Here's a secret...I am a bit of an ice cream making freak. Pretty much everything sweet flavored (and sometimes not so sweet), I think about adapting into ice cream. I haven't done anything too crazy, but this flavor gets the closest. This summer, a mushroom cultivator at a farmer's market introduced me to candy cap mushrooms. He was telling me about their caramelly, maplely flavor tones and started listing desserts his daughter makes with them. Right when he said ice cream, I said, "I'll take a bag!" I spent the next day or two researching on the internet. Apparently, his daughter is not alone in her love for desserts with candy cap mushrooms. The west coast loves these 'shrooms - bread puddings, creme brûlée, panna cotta - because they grow mostly in California.
Like many of my culinary endeavors, if I don't get to it right away, the excitement wanes and the special ingredient gets put away for a rainy day. Luckily, it's now winter in the NW and the rain is here for a while. Sure enough, I went foraging in my pantry this weekend, found the package of dried candy cap mushrooms, and started my project. With the help of my trusted mentor, David Lebovitz, (really, just his cookbook, The Perfect Scoop) and a recipe from Epicurious.com, I figured the result would be, at least, edible...it's ice cream, duh! One lick of the churning blade and I think I entered Candy Cap Heaven!! Imagine Penuche Fudge in an ice cream.
Note for the novice: Ice Cream is a bit of a project. Use this recipe as a guide more than an instructive method. I encourage you to read up on tips and techniques of ice cream preparation before getting started.
Note for all adventurers: I read that grinding dried mushrooms into a powder preserves the power of their flavor for cooking purposes. The web has instructions, all you need to have is a coffee grinder. —Rebecca Cherry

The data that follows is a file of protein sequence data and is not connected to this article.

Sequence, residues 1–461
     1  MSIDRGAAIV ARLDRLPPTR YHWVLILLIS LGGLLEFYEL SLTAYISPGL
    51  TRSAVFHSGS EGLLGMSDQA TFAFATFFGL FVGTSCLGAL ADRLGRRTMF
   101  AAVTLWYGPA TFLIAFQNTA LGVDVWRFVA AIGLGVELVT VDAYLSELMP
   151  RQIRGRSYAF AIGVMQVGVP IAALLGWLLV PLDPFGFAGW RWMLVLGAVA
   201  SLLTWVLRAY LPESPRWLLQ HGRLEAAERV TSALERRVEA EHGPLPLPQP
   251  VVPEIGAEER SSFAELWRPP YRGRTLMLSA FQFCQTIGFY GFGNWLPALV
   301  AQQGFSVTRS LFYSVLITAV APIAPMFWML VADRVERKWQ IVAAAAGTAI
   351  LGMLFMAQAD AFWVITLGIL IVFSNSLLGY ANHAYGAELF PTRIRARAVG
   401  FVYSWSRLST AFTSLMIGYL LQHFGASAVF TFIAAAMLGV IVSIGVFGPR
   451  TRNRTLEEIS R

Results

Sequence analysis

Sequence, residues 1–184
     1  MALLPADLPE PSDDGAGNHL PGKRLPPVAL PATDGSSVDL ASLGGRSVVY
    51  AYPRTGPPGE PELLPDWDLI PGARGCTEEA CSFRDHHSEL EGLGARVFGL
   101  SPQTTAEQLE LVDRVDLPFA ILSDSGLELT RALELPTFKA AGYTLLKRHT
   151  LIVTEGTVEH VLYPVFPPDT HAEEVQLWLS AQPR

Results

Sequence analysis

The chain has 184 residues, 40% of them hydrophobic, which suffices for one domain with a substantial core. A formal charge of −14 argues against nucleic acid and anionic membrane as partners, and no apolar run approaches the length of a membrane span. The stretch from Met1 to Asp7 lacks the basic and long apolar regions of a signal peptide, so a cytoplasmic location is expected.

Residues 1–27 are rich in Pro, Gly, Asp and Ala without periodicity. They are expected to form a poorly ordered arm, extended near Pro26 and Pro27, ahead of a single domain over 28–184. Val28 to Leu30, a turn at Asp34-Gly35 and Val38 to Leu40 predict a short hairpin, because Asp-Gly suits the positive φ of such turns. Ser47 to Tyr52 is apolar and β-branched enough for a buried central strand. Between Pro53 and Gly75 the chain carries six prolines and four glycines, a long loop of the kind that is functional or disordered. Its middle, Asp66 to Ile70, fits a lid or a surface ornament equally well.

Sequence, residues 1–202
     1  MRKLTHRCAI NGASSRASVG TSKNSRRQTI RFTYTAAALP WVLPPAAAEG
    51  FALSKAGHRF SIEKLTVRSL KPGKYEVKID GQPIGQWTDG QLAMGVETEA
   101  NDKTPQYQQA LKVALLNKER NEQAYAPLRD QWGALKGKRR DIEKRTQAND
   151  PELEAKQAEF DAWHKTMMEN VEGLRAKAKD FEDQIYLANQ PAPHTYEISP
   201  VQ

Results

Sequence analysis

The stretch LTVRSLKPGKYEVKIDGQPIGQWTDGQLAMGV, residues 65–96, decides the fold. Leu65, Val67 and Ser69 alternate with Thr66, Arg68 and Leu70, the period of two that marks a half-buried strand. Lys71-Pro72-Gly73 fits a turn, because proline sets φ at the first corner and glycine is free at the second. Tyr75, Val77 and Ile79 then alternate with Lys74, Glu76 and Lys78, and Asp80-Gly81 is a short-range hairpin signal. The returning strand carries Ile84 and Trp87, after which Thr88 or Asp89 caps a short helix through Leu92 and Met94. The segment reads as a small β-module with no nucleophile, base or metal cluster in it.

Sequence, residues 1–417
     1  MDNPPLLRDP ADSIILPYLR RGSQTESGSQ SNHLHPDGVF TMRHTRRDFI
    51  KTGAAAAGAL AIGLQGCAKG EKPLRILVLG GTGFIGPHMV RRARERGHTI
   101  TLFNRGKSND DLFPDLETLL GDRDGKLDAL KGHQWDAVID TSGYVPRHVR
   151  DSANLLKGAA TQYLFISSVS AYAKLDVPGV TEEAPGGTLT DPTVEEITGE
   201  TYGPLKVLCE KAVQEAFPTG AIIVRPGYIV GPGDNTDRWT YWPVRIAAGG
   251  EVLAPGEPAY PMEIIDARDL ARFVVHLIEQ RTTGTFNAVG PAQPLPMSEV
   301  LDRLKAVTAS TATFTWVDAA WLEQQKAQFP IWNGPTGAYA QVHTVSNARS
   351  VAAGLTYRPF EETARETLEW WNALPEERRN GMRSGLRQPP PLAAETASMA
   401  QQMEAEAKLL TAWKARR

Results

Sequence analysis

- Makes about 1 quart
dried Candy Cap mushroom powder
- In a medium sized, non-reactive saucepan, warm the milk, salt, sugar, and 1 cup of the cream until the sugar dissolves. Add the mushroom powder to the warm mixture. Cover the pot. Let mixture steep for at least one and up to two hours.
- Rewarm the mushroom infused milk. Pour the remaining 1 cup of cream into a large bowl. Place a fine mesh strainer on the bowl. Set up a shallow ice bath for the large bowl in the sink or a large pan.
- In another bowl, whisk the egg yolks. SLOWLY, and as you whisk, pour about half of warm milk into the egg yolks. DO NOT STOP whisking while you pour. Gently return the warmed egg yolk mixture to the pot with the rest of the warm milk mixture.
- Use a heat proof spatula or wooden spoon to stir this mixture constantly, as it sits over medium heat. Scrape the bottom as you stir and let the mixture thicken. Turn the heat off as soon as the mixture is thick enough to coat the back of the spatula, or can be felt scraping off the bottom of the pot. DO NOT LET THE CUSTARD BOIL.
- Pour the custard through the strainer and into the bowl of heavy cream. Place the bowl in the ice bath. Stir in the maple syrup and vanilla. Continue to stir occasionally as the mixture cools to room temperature.
- Once cooled, chill the mixture thoroughly in the refrigerator. Churn the ice cream according to the ice cream maker manufacturer's directions.